01/18/16 - St. Charles of Sezze - (1613-1670) - (Feast Day: January 18 and on some calendars, January 7):
From: http://www.americancatholic.org/Features/Saints/saint.aspx?id=1264&calendar=1 and http://www.roman-catholic-saints.com/saint-charles-of-sezze.html
Feast Day: January 18 (or January 7 on some calendars)
St. Charles of Sezze
Charles thought that God was calling him to be a missionary in India, but he never got there. God had something better for this 17th-century successor to Brother Juniper.
Born in Sezze, southeast of Rome, Charles was inspired by the lives of Salvator Horta and Paschal Baylon to become a Franciscan; he did that in 1635. Charles tells us in his autobiography, "Our Lord put in my heart a determination to become a lay brother with a great desire to be poor and to beg alms for his love."
Charles served as cook, porter, sacristan, gardener and beggar at various friaries in Italy. In some ways, he was "an accident waiting to happen." He once started a huge fire in the kitchen when the oil in which he was frying onions burst into flames.
One story shows how thoroughly Charles adopted the spirit of St. Francis. The superior ordered Charles — then porter — to give food only to traveling friars who came to the door. Charles obeyed this direction; simultaneously the alms to the friars decreased. Charles convinced the superior the two facts were related. When the friars resumed giving goods to all who asked at the door, alms to the friars increased also.
At the direction of his confessor Charles wrote his autobiography, The Grandeurs of the Mercies of God. He also wrote several other spiritual books. He made good use of his various spiritual directors throughout the years; they helped him discern which of Charles’ ideas or ambitions were from God. Charles himself was sought out for spiritual advice. The dying Pope Clement IX called Charles to his bedside for a blessing.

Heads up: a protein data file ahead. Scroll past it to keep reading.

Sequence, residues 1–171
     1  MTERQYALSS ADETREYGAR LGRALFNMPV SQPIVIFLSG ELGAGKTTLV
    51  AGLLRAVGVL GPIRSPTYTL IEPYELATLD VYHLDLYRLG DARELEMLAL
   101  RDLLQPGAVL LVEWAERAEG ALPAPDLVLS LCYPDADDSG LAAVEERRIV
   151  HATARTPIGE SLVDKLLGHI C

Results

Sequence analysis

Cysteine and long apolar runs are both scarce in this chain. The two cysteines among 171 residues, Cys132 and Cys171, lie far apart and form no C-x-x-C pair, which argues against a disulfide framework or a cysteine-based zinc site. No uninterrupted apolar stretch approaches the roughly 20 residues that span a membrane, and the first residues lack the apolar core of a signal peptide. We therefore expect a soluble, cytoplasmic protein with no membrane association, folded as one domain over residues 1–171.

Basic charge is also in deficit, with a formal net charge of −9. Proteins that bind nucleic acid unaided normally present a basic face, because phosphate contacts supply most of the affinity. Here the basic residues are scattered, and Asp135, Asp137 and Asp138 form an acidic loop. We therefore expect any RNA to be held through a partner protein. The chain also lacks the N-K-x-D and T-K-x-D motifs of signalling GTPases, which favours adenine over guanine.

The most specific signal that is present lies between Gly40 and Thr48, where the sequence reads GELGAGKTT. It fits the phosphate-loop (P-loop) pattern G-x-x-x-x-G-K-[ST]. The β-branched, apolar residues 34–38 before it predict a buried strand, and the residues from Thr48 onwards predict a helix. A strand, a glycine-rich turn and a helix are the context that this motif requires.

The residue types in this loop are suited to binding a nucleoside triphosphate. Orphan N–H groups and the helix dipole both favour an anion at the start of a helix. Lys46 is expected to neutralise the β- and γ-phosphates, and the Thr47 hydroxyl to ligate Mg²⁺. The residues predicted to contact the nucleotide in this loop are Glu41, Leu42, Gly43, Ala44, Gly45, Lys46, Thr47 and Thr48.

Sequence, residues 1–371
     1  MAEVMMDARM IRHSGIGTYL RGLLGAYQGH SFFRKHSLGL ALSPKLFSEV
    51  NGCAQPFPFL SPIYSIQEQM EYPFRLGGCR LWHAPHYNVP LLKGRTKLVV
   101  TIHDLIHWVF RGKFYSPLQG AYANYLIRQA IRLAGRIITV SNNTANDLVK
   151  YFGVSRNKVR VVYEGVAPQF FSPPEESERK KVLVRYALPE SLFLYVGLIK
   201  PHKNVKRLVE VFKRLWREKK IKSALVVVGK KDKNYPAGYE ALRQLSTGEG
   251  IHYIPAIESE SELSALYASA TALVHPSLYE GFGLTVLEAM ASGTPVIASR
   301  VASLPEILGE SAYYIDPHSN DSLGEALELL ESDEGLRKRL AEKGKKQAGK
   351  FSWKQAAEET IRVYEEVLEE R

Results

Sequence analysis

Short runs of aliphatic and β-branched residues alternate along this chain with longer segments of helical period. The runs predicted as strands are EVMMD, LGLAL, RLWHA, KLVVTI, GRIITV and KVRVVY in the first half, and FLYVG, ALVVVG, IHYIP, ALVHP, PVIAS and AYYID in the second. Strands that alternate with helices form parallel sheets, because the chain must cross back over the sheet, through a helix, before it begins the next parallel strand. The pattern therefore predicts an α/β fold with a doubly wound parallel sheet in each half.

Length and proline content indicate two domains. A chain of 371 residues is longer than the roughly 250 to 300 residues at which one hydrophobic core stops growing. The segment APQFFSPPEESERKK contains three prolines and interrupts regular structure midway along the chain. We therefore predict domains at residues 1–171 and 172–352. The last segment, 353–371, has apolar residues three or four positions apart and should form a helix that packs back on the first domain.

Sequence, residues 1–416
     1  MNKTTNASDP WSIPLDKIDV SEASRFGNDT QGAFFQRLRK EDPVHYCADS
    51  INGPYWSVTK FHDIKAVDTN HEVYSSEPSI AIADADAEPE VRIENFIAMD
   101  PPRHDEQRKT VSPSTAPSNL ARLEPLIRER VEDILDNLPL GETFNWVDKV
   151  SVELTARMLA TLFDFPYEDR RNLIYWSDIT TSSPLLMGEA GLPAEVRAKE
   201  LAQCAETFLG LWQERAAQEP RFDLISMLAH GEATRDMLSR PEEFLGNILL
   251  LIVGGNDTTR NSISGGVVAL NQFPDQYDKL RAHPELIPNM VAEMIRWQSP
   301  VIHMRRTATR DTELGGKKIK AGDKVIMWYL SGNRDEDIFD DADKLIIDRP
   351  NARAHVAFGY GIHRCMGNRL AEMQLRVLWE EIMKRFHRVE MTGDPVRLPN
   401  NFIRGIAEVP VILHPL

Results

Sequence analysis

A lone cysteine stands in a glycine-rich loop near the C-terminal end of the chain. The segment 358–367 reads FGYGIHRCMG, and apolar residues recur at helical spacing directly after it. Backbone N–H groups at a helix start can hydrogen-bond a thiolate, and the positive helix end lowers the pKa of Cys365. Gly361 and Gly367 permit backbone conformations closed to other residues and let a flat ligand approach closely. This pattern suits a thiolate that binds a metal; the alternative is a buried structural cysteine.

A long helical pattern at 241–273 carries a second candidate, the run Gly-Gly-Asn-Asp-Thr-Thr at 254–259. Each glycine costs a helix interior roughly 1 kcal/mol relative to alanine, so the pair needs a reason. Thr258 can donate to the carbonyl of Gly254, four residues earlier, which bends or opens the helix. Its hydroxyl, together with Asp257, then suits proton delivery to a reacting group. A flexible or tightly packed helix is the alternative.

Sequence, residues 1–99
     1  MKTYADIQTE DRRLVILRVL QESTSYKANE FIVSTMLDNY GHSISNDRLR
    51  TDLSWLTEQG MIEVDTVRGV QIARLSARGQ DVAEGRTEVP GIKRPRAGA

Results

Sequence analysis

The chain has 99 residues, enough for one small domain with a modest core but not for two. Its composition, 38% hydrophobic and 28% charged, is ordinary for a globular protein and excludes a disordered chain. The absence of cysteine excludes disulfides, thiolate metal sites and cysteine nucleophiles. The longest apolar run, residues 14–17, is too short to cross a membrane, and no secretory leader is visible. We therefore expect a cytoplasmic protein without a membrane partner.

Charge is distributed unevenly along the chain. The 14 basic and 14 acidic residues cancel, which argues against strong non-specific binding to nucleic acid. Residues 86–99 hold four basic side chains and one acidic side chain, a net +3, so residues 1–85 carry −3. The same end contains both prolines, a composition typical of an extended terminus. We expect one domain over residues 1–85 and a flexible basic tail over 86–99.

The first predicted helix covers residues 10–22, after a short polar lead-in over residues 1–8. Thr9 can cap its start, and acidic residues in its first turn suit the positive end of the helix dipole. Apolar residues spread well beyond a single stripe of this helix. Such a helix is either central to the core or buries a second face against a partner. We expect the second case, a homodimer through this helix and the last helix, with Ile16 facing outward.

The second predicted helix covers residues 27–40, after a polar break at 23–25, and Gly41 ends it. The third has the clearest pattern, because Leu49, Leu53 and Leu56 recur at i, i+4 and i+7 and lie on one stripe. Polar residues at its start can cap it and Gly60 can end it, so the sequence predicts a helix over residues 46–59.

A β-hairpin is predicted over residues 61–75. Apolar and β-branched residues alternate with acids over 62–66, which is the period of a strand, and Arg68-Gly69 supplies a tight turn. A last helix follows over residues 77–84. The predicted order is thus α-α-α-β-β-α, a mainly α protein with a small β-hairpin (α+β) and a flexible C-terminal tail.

Charles had a firm sense of God’s providence. Father Severino Gori has said, "By word and example he recalled in all the need of pursuing only that which is eternal" (Leonard Perotti, St. Charles of Sezze: An Autobiography, page 215).
He died at San Francesco a Ripa in Rome and was buried there. Pope John XXIII canonized him in 1959.
The drama in the lives of the saints is mostly interior. Charles’ life was spectacular only in his cooperation with God’s grace. He was captivated by God’s majesty and great mercy to all of us.
Father Gori says that the autobiography of Charles "stands as a very strong refutation of the opinion, quite common among religious people, that saints are born saints, that they are privileged right from their first appearance on this earth. This is not so. Saints become saints in the usual way, due to the generous fidelity of their correspondence to divine grace. They had to fight just as we do, and more so, against their passions, the world and the devil" (St. Charles of Sezze: An Autobiography, page viii).
Saint Charles of Sezze
St. Charles of Sezze
(St. Charles de Sezza)
Feast Day – January 7